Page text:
erred, but also that the error was harmful. At the first four steps, this requires that Plaintiff also
show that, but for the error, he might have proven his disability. In other words, when appealing
a decision at the first four steps, if Plaintiff cannot articulate the basis for a decision in his favor,
based on the existing record, he is quite unlikely to show that an error was harmful.
The portion of the ALJ’s decision dealing with the step four residual functional capacity
determination prior to May 27, 2010, is brief, but makes the following points: 1) the claimant’s
subjective statements about symptoms are not credible to the extent that they are inconsistent
with the residual functional capacity assessment; 2) before the onset of prostate cancer in May of
2010, there are “little medical records to support substantial physical limitations;” and 3) there
are no medical opinions of disability prior to the onset of prostate cancer. (Tr. 23.)
Plaintiff’s brief attacks the ALJ’s decision, but mounts no substantial challenge to the
ALJ’s second and third points. Plaintiff does not point to any medical records from that period
that support substantial physical limitations, nor medical opinions of disability. Plaintiff has not
pointed to any objective medical evidence that, he contends, the ALJ overlooked.
The Third Circuit requires that “subjective complaints must be substantiated by medical
evidence.” Williams v. Sullivan, 970 F.2d 1178, 1186 (3d Cir. 1992). This is based on a clear
An individual's statement as to pain or other symptoms shall not alone be
conclusive evidence of disability as defined in this section; there must be medical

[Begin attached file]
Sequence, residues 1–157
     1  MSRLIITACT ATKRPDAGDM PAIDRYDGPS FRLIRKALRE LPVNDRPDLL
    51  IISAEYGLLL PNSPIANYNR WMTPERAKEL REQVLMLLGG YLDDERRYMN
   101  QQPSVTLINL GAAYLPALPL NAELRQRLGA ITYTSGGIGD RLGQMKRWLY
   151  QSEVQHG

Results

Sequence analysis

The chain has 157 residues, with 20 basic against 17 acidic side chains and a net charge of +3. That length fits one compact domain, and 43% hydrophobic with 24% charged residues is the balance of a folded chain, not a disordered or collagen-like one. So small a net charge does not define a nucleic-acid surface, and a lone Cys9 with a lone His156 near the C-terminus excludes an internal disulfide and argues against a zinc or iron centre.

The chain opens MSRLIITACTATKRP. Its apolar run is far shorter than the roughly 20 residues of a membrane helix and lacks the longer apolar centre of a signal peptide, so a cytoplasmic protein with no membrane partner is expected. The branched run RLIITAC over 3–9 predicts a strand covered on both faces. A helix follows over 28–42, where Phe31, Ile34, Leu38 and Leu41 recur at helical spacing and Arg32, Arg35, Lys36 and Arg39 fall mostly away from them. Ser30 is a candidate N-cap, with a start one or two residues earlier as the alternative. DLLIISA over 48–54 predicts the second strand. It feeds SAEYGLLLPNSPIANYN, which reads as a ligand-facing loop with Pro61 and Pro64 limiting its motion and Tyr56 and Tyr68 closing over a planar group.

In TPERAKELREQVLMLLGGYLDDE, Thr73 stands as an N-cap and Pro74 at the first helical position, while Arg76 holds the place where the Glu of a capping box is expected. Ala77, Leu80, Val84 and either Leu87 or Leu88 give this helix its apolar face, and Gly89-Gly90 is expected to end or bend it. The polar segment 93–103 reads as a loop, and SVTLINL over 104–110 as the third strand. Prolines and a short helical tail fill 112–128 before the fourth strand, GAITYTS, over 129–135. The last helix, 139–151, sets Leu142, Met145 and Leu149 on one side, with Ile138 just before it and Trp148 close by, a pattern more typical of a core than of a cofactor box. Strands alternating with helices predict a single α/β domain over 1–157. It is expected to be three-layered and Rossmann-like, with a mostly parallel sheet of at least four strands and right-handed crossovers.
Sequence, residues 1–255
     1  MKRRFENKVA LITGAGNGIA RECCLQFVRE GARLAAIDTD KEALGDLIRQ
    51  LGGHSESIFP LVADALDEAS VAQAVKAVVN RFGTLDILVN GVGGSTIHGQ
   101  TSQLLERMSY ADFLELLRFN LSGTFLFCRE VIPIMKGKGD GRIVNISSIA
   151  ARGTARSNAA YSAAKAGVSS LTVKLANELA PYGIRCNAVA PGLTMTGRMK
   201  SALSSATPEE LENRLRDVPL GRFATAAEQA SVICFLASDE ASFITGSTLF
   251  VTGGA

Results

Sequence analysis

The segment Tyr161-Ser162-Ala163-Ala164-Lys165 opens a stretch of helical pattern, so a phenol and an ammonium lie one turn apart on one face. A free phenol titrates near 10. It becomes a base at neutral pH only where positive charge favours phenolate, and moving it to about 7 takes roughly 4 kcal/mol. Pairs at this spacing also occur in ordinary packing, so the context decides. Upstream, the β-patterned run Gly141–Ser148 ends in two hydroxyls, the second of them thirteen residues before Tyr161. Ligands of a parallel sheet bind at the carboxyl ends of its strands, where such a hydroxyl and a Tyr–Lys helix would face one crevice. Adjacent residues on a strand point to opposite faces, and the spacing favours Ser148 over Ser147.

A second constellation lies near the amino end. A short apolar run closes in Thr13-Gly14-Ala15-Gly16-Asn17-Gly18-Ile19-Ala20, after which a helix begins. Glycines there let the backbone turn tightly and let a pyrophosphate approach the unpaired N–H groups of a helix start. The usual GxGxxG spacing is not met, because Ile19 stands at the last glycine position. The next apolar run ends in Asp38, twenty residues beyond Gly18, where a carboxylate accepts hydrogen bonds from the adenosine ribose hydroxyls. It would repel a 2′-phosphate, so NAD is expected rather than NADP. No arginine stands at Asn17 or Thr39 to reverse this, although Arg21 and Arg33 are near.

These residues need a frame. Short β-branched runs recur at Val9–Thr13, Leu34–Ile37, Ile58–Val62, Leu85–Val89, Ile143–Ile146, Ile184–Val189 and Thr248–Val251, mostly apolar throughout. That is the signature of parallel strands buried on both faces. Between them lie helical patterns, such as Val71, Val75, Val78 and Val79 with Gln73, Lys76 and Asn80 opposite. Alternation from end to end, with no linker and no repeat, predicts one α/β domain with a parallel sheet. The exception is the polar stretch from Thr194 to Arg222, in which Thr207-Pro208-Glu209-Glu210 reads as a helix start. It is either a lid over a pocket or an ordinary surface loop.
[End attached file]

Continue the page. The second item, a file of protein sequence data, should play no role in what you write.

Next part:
signs and findings, established by medically acceptable clinical or laboratory
diagnostic techniques, which show the existence of a medical impairment that
results from anatomical, physiological, or psychological abnormalities which
could reasonably be expected to produce the pain or other symptoms alleged and
which, when considered with all evidence required to be furnished under this
paragraph (including statements of the individual or his physician as to the
intensity and persistence of such pain or other symptoms which may reasonably
be accepted as consistent with the medical signs and findings), would lead to a
conclusion that the individual is under a disability.
42 U.S.C. § 423(d)(5)(A). The ALJ made clear that, to the extent that they were inconsistent
with the residual functional capacity determination, Plaintiff’s subjective complaints were not
supported by medical evidence. Plaintiff has not pointed to any medical evidence that indicates
that the ALJ erred in making this assessment.
Plaintiff bears the burden of showing that the ALJ’s determination is not supported by
substantial evidence. Plaintiff has not done so. This Court has reviewed the ALJ’s decision and
finds that the ALJ’s decision is supported by substantial evidence.
Plaintiff has failed to persuade this Court that the ALJ erred in his decision or that he was
harmed by any errors. This Court finds that the Commissioner’s decision is supported by
substantial evidence and is affirmed.
s/ Stanley R. Chesler
STANLEY R. CHESLER, U.S.D.J.
Dated: December 20, 2016